By Sean Raycraft
People never argue about issues on which they agree. One of the quirks I love about Davis is what we, the citizens argue about. At Tuesday’s city council meeting, the room was packed to have a discussion about Gandhi, and his legacy as an advocate for peace and non-violence. I was simultaneously very proud of the Davis community, and incredibly disappointed. Where else in this area will we find a community where a hundred or so community members will come together at a City Council meeting, for 5 hours on a Tuesday night, to have a discussion about the legacy of Gandhi, a life-sized bronze statue representing peace and non-violence, and its impact on the broader community? It was truly an amazing sight and experience.
Before I go any further, I want to state that I am not an expert on Gandhi, his life or the modern history of India. I am willing to surmise I know more than the average American, although admittedly that is not saying much given the rise of Trump and Trumpism in the American electorate. I must confess that I only learned about the statue on Tuesday afternoon, when a friend of mine asked if anyone could go to council and speak on behalf of the Phoenix Coalition during public comment. With those caveats in mind, I will do my best not to write about Gandhi the man, or the statue that will soon stand in central park. Instead, I am going to talk about the discussion that took place, and a broader trend of how we, as Davisites often fail to acknowledge the humanity of those who hold different views or come from different socio-economic backgrounds. Lastly, I am going to write about the importance of Davis values, what that means, and how we can do better going forward as a community.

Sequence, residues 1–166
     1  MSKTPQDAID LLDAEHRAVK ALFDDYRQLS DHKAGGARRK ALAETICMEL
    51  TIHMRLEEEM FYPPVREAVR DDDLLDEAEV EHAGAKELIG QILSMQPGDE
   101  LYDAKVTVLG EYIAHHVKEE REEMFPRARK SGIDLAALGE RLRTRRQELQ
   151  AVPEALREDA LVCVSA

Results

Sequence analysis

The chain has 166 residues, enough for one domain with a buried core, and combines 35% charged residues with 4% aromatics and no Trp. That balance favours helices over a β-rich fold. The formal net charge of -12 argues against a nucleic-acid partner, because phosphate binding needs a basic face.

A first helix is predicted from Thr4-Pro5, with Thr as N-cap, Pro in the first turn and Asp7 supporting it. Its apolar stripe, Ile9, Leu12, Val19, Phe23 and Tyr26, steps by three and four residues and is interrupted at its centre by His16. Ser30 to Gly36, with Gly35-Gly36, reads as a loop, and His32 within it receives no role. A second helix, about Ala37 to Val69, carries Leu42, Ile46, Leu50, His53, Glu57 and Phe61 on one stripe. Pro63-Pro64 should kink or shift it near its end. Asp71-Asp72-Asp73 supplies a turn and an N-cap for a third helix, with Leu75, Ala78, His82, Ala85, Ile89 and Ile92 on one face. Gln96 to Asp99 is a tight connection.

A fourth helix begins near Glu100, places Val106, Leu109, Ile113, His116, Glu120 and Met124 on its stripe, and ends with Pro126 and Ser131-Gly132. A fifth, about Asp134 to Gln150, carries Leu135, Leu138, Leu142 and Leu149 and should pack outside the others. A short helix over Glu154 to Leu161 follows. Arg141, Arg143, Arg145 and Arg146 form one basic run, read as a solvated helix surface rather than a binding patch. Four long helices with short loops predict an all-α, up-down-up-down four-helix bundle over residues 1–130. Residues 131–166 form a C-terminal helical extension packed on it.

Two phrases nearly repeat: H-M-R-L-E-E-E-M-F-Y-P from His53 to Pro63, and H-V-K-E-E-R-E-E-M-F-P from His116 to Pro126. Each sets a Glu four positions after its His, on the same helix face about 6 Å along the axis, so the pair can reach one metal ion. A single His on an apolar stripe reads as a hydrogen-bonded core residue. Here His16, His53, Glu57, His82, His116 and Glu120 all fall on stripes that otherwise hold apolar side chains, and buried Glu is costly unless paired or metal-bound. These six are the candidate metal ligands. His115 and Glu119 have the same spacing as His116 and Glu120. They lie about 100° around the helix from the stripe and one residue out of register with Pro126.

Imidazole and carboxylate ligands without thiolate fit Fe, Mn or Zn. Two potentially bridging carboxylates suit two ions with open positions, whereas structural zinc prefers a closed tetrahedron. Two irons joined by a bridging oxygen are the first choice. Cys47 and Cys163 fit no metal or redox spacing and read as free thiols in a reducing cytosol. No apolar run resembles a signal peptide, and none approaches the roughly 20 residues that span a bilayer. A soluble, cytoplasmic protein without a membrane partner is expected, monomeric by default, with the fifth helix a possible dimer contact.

Tuesday’s public comment period had some heartfelt, insightful and constructive commentary from many in the community. Unfortunately, I think most of the people who stood up at the podium missed the point. Mayor Robb Davis intended to foster an environment of reconciliation and mutual respect among those who disagree. The Mayor had mixed results, and, for the most part, he was able to keep the discourse courteous and respectful in terms of the tone of the comments, but many retreated to their pre-prepared talking points instead of genuinely considering the arguments of their opposition. For as long as I have been active in Davis politics, Davisites will gleefully attack the character of their opposition, rather than try and foster furtherance of understanding between disagreeing parties. I have experienced it in the Raise the Wage campaigns, the Measure A debate and the farm worker overtime issue.